Netflix’s The Witcher Season 2 brings back everything viewers loved about the original and makes it better. Check out the details in my parents guide review.
Netflix’s The Witcher season 2 drops on the streaming service tomorrow, December 17th. The show, which is based on the book series and popular video games of the same name, is back after the huge success of the first season and brings back Henry Cavill as Geralt. It is always a toss-up when a second season of a hit series arrives, and audiences question whether it can live up to the hype of the original. Check out the details in my parents guide review.
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The Witcher Season 2 Parents Guide
Convinced Yennefer’s life was lost at the Battle of Sodden, Geralt of Rivia brings Princess Cirilla to the safest place he knows, his childhood home of Kaer Morhen. While the Continent’s kings, elves, humans and demons strive for supremacy outside its walls, he must protect the girl from something far more dangerous: the mysterious power she possesses inside.
The Witcher Season 2 Age Appropriate Parents Guide
Let’s take a look at what parents need to know before letting their kids watch The Witcher Season 2.
Language: The Witcher season 2 contains very strong language, with profanity used throughout. Lookout words include: f*ck, sh*t, son of a b*tch, arsehole, wh*re, d*mn, hell, and more.
Mature Content: The series is based on a video game where witchers are created in order to slay monsters. Expect to see plenty of big, scary, grotesque monsters fighting characters. There is fighting with swords, hand-to-hand combat, blood and gore, limbs chopped off, and dead bodies. There is also much dark magic included in the series, and some sexual content, which includes intercourse and nudity. There is also a theme of the kidnapping of a child, which can be very triggering for some viewers.
**This review is based on watching six episodes of the eight episode series.
The Witcher season 2 doesn’t try to reinvent the wheel, instead sticking to the same formula that brought it much success in the first season. It picks up right where the first season left off. After the battle for Sodden Hill and the Northern Kingdoms’ being victorious against the Nilfgaardians, Geralt and Ciri finally met according to their destinies. The battle was not without casualties, with the hero of Sodden, Yennefer of Vengerburg, seemingly among them. Geralt decides to travel with Ciri to Kaer Morhen, the home of all the witchers, to rest up and regroup, but moreso to keep Ciri safe. Here at this stronghold, the witchers gather during the winter to tell their tales and take a much needed break. Ciri takes the opportunity to begin training to become a great fighter, as she wants nothing more than to be just like Geralt.
It has been two years since the first season of The Witcher dropped on Netflix, and if you don’t remember what’s going on at this point, you are not alone. Season 1 was somewhat of a convoluted mess, especially for anyone unfamiliar with the book series or the hit video games. Based on two “prequel” books, The Last Wish and Sword of Destiny, which were collections of short stories that preceded The Witcher Saga proper, Season 1 jumped around throughout several timelines without warning as it attempted to give some backstory to the main characters, which fans of the series may appreciate, but newcomers were left scratching their heads. The only real redeeming plot line that could be discerned from last season was about Ciri fleeing from Cintra after her grandmother, Queen Calanthe, beseeches her to find Geralt.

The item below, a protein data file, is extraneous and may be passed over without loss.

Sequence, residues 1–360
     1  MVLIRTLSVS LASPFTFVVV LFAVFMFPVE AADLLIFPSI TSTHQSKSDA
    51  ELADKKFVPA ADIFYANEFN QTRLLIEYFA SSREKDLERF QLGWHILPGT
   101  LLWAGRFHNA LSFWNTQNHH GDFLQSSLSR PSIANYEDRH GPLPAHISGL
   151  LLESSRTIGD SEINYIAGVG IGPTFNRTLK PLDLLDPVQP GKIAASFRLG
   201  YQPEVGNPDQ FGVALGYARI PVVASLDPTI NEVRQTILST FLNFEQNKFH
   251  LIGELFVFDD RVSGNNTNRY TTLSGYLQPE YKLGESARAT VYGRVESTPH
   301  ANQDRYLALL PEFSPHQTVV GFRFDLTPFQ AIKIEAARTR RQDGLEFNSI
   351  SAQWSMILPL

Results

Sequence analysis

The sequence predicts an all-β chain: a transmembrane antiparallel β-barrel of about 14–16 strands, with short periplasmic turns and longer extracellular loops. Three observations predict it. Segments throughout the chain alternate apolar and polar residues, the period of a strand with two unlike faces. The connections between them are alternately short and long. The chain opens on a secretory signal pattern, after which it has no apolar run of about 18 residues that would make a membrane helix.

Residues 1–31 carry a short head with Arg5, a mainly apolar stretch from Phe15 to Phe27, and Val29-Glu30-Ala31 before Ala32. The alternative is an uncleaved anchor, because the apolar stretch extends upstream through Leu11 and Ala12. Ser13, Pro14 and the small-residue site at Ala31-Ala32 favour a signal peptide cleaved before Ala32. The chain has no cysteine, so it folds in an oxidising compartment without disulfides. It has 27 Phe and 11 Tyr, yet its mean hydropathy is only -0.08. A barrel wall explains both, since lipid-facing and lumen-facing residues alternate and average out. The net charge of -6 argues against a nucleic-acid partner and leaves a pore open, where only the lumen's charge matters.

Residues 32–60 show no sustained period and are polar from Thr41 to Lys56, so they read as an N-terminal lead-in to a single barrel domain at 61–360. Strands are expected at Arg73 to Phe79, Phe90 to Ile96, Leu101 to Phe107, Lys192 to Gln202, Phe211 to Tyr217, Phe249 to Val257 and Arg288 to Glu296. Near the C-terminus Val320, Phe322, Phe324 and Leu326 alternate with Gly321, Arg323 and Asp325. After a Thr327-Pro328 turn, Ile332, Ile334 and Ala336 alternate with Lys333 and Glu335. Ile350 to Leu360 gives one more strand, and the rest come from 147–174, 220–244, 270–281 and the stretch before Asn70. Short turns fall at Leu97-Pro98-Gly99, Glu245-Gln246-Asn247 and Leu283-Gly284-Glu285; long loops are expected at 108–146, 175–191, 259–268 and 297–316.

The Witcher season 2, however, follows a more linear path, which is much easier to understand, but it is also more robust. We get to know the characters more deeply, and so we can begin to invest more not only in them, but also in the world. Geralt (Henry Cavill) does more than merely grunt and curse this time around. He has softened a great deal, it seems, after accepting his child’s surprise and becomes very protective of Ciri (Freya Allen), much to her dismay at times. Cavill projects about as much emotion into his detached Witcher as one could hope as he takes on the role of father. And that’s what Allen does the most this season with Ciri, transforming her from a scared little princess on the run into a bonafide badass. The title may say The Witcher, but this is really her series, as it revolves around her discovery of who she really is and what she is ultimately capable of. It is that last bit that causes various other parties to vie for her capture, control, or demise. With so many people interested in Ciri, it becomes difficult, especially for Geralt, to know who has Ciri’s best interests at heart. This provides much of the context for this season.
Without giving too much away, The Witcher season 2 is superior to the first one. It is still dark and gory at times, but doesn’t forget how to inject some humor at regular intervals. Not having to focus so much on what is going on at any moment, one can stop and enjoy the scenery more often, which is superbly realized and helps to bring this fantasy world to life. There may be less action in this season, but it is balanced better with the slower parts that move the story along, making for a more enjoyable experience overall. There are plot twists that will keep you engaged throughout the season right up until the ending, which will drop many jaws. We already know that Netflix has already picked up The Witcher for a third season. I just hope we won’t have to wait two years for the next installment.